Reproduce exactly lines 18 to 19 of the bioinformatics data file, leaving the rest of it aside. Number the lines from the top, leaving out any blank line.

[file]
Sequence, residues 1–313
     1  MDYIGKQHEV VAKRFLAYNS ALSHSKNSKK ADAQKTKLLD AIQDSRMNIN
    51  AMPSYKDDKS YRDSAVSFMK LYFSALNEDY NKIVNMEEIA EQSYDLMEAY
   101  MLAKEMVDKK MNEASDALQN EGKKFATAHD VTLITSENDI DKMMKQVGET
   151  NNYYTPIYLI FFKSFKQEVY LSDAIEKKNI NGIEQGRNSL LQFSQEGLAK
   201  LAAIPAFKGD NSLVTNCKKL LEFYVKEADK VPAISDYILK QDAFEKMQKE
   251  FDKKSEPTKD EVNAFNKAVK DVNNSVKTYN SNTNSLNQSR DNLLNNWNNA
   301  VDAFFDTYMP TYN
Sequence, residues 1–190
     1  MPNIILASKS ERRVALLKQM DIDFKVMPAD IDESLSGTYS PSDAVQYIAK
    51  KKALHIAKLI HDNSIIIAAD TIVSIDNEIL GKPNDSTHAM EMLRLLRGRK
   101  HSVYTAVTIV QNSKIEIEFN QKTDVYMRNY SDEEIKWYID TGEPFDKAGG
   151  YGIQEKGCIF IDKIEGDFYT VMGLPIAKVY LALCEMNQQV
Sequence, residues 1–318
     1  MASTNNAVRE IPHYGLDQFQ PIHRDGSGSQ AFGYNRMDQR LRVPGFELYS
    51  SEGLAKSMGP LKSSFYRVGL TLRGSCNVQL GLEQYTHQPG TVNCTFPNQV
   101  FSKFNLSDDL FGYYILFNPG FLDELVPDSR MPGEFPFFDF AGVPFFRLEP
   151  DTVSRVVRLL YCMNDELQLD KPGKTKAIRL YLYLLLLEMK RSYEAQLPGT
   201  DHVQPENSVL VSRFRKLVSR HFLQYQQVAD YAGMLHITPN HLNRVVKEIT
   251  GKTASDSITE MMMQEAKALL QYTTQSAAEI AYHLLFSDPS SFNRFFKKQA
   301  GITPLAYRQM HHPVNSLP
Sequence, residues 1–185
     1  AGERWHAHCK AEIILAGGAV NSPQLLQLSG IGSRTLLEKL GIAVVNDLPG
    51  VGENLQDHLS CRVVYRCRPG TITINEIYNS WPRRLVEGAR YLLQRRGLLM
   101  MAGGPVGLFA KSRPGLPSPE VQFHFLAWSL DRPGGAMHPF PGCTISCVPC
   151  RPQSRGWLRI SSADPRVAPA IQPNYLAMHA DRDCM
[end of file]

   151  DTVSRVVRLL YCMNDELQLD KPGKTKAIRL YLYLLLLEMK RSYEAQLPGT
   201  DHVQPENSVL VSRFRKLVSR HFLQYQQVAD YAGMLHITPN HLNRVVKEIT